p. 61 "... with little more than $3,000 ..." If the purchasers had $3,000 for a kitchen re-do they wouldn't be buying a book with the word "cheap" in it. Countertops: $2,000 marble.

p. 66 "... properly restored model [vintage stove] like hers can run anwhere from $4,500 to $5,500." Lesson learned here: get lucky and inherit one like this person did.

p. 69 "... at $560 each [Italian designer dining chairs] they may seem out of character for the frugal French-woman ..." Maybe we can find one of these at our local General Dollar store, where el cheapos are known to frequent.

p. 71 "... A grand total of $1,800 divided by six chairs and a table equals about $200 or so per chair..." $200 per chair? Where's the cheap part? Read on about the fish sculpture that cost almost as much as their dining room set.

p. 73 "... So they called on designer Darren Ransdell ... who transformed their space [tiny kitchen] for less than $3,000. Where's the cheap? Where's the inspiration other than to get out the yellow pages?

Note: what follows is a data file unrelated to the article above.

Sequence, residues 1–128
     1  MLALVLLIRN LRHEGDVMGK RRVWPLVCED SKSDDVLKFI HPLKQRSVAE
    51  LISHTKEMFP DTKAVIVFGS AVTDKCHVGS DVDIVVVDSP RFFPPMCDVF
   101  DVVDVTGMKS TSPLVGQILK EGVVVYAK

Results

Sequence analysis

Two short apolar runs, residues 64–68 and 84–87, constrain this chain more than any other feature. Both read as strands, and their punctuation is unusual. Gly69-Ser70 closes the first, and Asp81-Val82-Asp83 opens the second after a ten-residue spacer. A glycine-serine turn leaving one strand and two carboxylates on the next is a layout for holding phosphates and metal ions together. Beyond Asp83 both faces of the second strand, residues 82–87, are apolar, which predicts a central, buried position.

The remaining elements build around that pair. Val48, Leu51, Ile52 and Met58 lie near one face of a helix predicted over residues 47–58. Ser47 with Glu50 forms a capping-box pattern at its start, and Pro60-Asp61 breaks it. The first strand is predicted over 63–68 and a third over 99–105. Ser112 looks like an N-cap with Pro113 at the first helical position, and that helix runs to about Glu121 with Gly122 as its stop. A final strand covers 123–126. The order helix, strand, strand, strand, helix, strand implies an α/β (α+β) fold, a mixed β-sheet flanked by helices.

And so on. Hold onto your $19.95 for a vintage sock monkey and start a collection as seen on p. 97.
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Format: Paperback
Anyone remember the 1970s magazine, Apartment Living (or was it Apartment Life)? The style and projects in this book remind me of that innovative magazine. I wish the projects had the step-by-step instructions and graphics, but actually they look manageable even without the details.
The book starts you thinking of offbeat sources of art to make your space special. Think of kid's art, instead of pricey modern art, or spray paint glass vases silver to mimic expensive mercury glass. Iron applique letters onto throw pillows to get a monogrammed effect.
The book gives examples for rearranging what you have for greater impact. Read the list of common decorating mistakes to get started. I liked the fun touches (a window seat full of vintage sock monkeys) and the liberating free-wheeling decorating that they advocate.
The projects include turning an ice bucket into a lampshade, painting your own zebra skin rug on vinyl, slipcover your headboard, and making wooden wine crates into storage bins. A particularly striking project turned three hardback books into wall art by folding the pages. This project did include step-by-step instructions.
Don't mistake this for Shabby Chic. Yes, many of the rooms feature flea market finds, but this is not the gentle pastels and rich touches of that decorating trend. This features bold rooms with an offbeat look.